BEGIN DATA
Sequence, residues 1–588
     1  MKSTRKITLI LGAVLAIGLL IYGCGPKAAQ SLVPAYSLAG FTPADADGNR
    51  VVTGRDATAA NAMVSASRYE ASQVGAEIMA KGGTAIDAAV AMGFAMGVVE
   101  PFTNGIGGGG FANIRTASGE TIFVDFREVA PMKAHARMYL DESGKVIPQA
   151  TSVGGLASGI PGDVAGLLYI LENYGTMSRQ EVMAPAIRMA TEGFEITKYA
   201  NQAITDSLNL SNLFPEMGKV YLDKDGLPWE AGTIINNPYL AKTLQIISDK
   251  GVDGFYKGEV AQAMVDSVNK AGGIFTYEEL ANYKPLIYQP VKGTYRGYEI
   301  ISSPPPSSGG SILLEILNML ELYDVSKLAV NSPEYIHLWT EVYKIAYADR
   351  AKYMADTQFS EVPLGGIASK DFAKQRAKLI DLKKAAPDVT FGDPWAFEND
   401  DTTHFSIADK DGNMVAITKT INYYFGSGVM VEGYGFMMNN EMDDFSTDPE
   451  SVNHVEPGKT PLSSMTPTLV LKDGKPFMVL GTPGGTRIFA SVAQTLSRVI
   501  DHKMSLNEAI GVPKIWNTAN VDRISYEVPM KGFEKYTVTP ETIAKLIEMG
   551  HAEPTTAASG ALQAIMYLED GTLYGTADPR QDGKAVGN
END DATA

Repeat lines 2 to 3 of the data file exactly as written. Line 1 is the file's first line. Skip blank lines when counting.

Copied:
     1  MKSTRKITLI LGAVLAIGLL IYGCGPKAAQ SLVPAYSLAG FTPADADGNR
    51  VVTGRDATAA NAMVSASRYE ASQVGAEIMA KGGTAIDAAV AMGFAMGVVE